Prepare for Pet Custody
FOR IMMEDIATE RELEASE
Media release: 28 May, 2012
Prepare for Pet Custody
Couples should pre-determine who will obtain custody of their pets in the event of a separation, warns VetShopAustralia’s in-house Vet, Dr Mark Perissinotto. Pets are increasingly becoming embroiled in custody battles during relationship breakdowns, but Dr Perissinotto reminds Australians that pets are living beings, not property to be divided up between parties.
“Pets are generally considered valued members of the family. As a result of modern social developments, such as same-sex relationships or people choosing to remain single, pets are increasingly thought of as children by their devoted owners,” Dr Perissinotto said.
“The pet’s best interests should be considered, when making any major lifestyle decision –including divorce. Pets can become stressed and suffer separation-anxiety so it is imperative that couples are able to reach a mutual understanding about the pet’s welfare prior to communication breakdown.”
Dr Perissinotto urges pet owners to put the animal first when proactively deciding which partner will retain custody of the animal and to reflect on all aspects of pet ownership including:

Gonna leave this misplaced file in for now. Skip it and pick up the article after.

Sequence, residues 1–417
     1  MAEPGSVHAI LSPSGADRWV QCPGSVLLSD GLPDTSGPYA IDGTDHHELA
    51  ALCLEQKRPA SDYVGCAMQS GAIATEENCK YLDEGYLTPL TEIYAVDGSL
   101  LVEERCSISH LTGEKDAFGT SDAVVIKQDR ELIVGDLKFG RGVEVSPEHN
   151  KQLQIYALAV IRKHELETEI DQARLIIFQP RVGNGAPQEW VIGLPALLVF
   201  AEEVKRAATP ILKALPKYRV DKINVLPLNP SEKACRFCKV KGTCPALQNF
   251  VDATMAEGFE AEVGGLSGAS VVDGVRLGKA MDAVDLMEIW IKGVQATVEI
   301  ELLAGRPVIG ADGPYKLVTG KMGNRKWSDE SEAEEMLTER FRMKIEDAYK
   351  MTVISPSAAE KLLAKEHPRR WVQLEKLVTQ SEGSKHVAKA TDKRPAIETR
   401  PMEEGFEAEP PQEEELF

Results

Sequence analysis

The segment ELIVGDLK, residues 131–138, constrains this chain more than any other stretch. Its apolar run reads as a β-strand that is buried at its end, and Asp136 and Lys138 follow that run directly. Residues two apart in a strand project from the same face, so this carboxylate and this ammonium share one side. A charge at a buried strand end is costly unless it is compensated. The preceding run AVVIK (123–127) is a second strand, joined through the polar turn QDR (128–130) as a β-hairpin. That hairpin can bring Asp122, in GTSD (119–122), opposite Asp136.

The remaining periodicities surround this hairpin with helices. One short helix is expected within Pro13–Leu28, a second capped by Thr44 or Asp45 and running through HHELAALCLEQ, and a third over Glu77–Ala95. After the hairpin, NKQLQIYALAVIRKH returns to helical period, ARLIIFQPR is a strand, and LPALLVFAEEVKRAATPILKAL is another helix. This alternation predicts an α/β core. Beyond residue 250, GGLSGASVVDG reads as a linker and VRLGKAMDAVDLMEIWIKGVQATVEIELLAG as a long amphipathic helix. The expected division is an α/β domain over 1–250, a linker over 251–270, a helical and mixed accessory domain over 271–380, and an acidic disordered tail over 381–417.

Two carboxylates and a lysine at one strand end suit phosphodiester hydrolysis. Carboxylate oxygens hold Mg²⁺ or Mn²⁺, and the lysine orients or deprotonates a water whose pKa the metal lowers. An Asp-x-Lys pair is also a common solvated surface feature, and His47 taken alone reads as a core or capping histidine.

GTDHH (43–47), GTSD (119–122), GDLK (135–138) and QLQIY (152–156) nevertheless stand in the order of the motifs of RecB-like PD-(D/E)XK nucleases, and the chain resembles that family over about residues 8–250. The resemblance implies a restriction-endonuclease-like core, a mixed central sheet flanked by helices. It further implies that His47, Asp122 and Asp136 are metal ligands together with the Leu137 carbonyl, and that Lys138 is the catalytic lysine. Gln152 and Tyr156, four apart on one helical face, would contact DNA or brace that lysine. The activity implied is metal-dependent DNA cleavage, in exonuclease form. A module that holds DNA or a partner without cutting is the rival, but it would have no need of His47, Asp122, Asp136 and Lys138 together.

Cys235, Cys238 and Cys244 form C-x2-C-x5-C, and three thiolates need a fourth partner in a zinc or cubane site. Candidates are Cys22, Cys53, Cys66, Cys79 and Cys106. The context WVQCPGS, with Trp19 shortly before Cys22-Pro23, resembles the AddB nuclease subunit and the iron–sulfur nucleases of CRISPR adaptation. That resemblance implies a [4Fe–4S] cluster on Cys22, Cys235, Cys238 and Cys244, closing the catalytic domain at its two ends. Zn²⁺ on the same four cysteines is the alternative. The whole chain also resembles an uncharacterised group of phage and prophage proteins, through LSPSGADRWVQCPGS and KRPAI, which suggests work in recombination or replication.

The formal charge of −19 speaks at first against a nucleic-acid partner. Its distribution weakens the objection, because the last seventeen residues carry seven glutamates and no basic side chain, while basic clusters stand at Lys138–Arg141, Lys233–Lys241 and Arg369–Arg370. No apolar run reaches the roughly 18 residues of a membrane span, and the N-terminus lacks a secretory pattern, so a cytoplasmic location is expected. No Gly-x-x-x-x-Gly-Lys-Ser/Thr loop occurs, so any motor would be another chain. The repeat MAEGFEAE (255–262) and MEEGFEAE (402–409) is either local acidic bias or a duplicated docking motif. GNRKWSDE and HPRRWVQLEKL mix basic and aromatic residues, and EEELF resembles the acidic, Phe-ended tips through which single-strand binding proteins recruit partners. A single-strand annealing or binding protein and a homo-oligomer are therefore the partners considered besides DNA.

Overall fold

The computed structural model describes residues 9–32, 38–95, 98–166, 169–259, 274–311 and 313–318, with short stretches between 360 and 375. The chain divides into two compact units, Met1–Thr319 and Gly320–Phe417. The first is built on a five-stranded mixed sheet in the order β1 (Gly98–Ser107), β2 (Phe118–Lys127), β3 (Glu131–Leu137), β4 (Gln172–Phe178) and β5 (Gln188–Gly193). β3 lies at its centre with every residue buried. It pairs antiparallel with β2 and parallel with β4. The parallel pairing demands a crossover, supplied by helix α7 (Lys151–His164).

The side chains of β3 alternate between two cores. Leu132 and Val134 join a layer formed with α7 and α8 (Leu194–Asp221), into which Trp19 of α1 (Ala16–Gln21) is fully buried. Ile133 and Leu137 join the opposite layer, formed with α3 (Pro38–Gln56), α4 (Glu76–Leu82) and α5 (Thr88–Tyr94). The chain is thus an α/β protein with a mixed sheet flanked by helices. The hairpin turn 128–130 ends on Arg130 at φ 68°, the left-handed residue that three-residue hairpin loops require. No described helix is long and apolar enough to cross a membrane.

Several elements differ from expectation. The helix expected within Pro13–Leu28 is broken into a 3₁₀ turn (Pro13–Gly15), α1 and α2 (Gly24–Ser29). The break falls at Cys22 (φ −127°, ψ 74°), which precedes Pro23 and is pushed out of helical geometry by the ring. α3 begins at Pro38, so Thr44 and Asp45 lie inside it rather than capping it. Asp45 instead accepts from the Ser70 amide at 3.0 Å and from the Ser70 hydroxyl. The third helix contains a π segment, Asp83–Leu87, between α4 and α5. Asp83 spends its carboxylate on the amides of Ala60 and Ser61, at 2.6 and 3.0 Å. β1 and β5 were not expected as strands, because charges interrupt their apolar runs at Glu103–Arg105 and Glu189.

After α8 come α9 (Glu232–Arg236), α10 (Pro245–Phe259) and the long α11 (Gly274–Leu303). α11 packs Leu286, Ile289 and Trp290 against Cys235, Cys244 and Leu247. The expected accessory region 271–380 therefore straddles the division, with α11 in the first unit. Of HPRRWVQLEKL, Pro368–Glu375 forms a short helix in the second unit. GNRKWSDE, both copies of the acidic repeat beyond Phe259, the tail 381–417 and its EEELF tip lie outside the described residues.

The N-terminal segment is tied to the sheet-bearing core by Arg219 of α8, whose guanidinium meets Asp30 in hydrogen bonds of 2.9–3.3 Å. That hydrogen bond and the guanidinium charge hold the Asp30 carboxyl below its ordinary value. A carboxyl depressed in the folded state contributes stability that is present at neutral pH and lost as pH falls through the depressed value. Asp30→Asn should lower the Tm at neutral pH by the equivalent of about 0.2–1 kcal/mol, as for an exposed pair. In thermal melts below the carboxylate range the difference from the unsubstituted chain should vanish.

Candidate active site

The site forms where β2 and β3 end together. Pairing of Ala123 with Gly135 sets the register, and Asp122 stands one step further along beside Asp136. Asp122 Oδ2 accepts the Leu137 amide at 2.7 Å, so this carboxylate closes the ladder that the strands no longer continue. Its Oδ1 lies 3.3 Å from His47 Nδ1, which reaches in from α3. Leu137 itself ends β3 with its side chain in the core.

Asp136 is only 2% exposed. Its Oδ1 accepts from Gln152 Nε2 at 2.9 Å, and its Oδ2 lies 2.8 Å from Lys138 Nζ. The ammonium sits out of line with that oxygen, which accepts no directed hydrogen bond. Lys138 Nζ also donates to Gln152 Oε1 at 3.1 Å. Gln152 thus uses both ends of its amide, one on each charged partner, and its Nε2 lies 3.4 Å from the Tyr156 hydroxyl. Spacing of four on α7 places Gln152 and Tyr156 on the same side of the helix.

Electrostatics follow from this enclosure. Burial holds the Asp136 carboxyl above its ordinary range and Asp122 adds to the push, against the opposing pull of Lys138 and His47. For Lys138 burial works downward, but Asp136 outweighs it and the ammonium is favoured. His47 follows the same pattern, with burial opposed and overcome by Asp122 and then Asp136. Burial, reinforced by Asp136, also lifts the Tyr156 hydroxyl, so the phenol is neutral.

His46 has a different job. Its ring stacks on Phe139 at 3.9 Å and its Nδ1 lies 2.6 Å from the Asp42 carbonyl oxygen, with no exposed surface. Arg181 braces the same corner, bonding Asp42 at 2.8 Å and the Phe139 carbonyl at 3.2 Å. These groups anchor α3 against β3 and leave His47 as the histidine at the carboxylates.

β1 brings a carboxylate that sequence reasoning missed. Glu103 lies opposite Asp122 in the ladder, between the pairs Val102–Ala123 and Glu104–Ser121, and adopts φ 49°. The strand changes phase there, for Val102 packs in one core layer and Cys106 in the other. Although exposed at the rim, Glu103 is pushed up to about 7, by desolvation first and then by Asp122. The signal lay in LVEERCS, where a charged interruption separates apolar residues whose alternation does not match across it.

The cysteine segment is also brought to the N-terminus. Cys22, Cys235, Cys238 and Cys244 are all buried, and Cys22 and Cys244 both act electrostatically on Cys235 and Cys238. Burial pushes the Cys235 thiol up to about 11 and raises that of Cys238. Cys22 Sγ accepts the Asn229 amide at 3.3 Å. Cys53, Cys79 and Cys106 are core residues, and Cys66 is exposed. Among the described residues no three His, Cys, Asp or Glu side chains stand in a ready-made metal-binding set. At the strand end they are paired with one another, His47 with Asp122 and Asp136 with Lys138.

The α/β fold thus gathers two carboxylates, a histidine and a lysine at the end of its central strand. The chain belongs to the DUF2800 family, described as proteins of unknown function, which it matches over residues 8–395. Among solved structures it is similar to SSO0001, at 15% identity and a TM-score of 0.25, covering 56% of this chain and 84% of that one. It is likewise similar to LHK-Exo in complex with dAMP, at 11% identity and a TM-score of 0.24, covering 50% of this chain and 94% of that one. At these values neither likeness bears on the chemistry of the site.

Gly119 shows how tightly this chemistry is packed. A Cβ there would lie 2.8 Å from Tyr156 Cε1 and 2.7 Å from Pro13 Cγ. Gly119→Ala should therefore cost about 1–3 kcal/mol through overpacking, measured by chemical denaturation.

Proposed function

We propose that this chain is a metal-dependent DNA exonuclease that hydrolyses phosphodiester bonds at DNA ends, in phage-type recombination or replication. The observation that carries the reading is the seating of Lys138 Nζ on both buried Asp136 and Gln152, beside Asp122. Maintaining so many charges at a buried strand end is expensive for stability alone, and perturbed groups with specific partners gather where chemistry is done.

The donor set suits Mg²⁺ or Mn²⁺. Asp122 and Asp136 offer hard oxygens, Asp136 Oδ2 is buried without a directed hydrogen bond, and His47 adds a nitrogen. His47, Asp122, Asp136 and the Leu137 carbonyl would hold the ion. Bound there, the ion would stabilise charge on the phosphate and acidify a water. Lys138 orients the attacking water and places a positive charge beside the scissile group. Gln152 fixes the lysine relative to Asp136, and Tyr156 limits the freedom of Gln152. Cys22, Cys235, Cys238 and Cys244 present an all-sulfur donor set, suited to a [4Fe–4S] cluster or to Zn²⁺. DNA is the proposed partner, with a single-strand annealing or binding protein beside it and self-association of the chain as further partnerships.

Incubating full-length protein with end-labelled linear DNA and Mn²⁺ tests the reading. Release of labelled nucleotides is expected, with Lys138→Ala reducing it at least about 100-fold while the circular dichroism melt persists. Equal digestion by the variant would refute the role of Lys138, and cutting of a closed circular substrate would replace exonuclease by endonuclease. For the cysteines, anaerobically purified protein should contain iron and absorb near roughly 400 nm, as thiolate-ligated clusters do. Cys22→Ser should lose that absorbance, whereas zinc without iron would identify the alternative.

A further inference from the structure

- lifestyle choices, such as frequent travel
- working hours versus time at spent at home
- access to a suitably sized yard/ enclosure
- time allowances for walking your pet, grooming, conducting flea checks and so forth
- income for veterinary bills, preventative treatments for ticks etcetera, food, pet accessories such as leads, toys
- emotional attachment
- the needs and emotions of children involved
“Without due forethought about the most appropriate custodian of your pet, you are potentially putting them in an unstable situation where they may become extremely anxious,” Dr Perissinotto said.
“Partners should contemplate the worst case scenario because without fair deliberation your pet may then be left to an animal shelter, or worse, abandoned.”
Bringing the case before a judge may not resolve the issue either, as pets are deemed property under Australian law, so unlike a child, no joint-custody arrangements can be sanctioned by the courts.
Owning a pet entails great responsibility. By discussing ownership factors with your partner before attaining a pet, or as a precautionary measure in case of a relationship breakdown, you can minimise the stress and anxiety felt by both partners and the animal, if the circumstances change.
Media Contact: Jemma Lenton 07 5453 4840
Address: 5/42 Owen Creek RD. Forest Glen QLD
Go to the Dr Mark bio page for more information about Dr Mark Perissinotto.